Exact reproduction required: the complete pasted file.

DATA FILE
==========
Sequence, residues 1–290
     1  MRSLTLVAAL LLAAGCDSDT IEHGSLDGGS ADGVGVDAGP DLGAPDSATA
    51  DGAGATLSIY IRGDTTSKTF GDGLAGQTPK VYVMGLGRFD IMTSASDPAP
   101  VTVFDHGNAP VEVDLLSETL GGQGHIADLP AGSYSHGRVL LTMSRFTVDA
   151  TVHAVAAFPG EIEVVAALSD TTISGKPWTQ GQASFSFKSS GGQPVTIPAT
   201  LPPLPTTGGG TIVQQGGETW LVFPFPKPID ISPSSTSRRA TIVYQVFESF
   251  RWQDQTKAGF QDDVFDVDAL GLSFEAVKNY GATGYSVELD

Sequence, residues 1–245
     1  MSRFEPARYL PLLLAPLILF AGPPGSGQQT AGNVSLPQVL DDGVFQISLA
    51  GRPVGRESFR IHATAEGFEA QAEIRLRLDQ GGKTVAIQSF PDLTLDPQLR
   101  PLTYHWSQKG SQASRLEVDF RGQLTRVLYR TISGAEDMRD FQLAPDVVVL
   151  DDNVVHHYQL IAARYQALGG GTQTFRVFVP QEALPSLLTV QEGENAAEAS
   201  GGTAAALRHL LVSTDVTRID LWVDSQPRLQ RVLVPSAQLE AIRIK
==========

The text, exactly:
Sequence, residues 1–290
     1  MRSLTLVAAL LLAAGCDSDT IEHGSLDGGS ADGVGVDAGP DLGAPDSATA
    51  DGAGATLSIY IRGDTTSKTF GDGLAGQTPK VYVMGLGRFD IMTSASDPAP
   101  VTVFDHGNAP VEVDLLSETL GGQGHIADLP AGSYSHGRVL LTMSRFTVDA
   151  TVHAVAAFPG EIEVVAALSD TTISGKPWTQ GQASFSFKSS GGQPVTIPAT
   201  LPPLPTTGGG TIVQQGGETW LVFPFPKPID ISPSSTSRRA TIVYQVFESF
   251  RWQDQTKAGF QDDVFDVDAL GLSFEAVKNY GATGYSVELD

Sequence, residues 1–245
     1  MSRFEPARYL PLLLAPLILF AGPPGSGQQT AGNVSLPQVL DDGVFQISLA
    51  GRPVGRESFR IHATAEGFEA QAEIRLRLDQ GGKTVAIQSF PDLTLDPQLR
   101  PLTYHWSQKG SQASRLEVDF RGQLTRVLYR TISGAEDMRD FQLAPDVVVL
   151  DDNVVHHYQL IAARYQALGG GTQTFRVFVP QEALPSLLTV QEGENAAEAS
   201  GGTAAALRHL LVSTDVTRID LWVDSQPRLQ RVLVPSAQLE AIRIK